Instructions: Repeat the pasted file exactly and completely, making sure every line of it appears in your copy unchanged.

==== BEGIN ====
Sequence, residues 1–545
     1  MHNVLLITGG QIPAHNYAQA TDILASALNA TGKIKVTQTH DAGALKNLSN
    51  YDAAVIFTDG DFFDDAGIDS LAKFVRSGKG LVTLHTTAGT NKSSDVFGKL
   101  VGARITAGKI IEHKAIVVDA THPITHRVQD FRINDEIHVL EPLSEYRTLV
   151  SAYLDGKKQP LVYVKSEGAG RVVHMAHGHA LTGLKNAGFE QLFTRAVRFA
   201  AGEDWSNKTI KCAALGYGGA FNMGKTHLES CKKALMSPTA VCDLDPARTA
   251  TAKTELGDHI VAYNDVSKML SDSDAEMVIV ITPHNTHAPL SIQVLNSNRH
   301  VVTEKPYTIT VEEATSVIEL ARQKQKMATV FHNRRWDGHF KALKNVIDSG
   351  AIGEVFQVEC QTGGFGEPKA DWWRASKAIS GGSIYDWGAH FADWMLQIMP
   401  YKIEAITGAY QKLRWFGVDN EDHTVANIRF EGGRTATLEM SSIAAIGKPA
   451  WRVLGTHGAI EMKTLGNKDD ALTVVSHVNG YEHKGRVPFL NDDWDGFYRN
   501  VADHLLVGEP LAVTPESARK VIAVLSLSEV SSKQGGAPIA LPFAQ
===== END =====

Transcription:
Sequence, residues 1–545
     1  MHNVLLITGG QIPAHNYAQA TDILASALNA TGKIKVTQTH DAGALKNLSN
    51  YDAAVIFTDG DFFDDAGIDS LAKFVRSGKG LVTLHTTAGT NKSSDVFGKL
   101  VGARITAGKI IEHKAIVVDA THPITHRVQD FRINDEIHVL EPLSEYRTLV
   151  SAYLDGKKQP LVYVKSEGAG RVVHMAHGHA LTGLKNAGFE QLFTRAVRFA
   201  AGEDWSNKTI KCAALGYGGA FNMGKTHLES CKKALMSPTA VCDLDPARTA
   251  TAKTELGDHI VAYNDVSKML SDSDAEMVIV ITPHNTHAPL SIQVLNSNRH
   301  VVTEKPYTIT VEEATSVIEL ARQKQKMATV FHNRRWDGHF KALKNVIDSG
   351  AIGEVFQVEC QTGGFGEPKA DWWRASKAIS GGSIYDWGAH FADWMLQIMP
   401  YKIEAITGAY QKLRWFGVDN EDHTVANIRF EGGRTATLEM SSIAAIGKPA
   451  WRVLGTHGAI EMKTLGNKDD ALTVVSHVNG YEHKGRVPFL NDDWDGFYRN
   501  VADHLLVGEP LAVTPESARK VIAVLSLSEV SSKQGGAPIA LPFAQ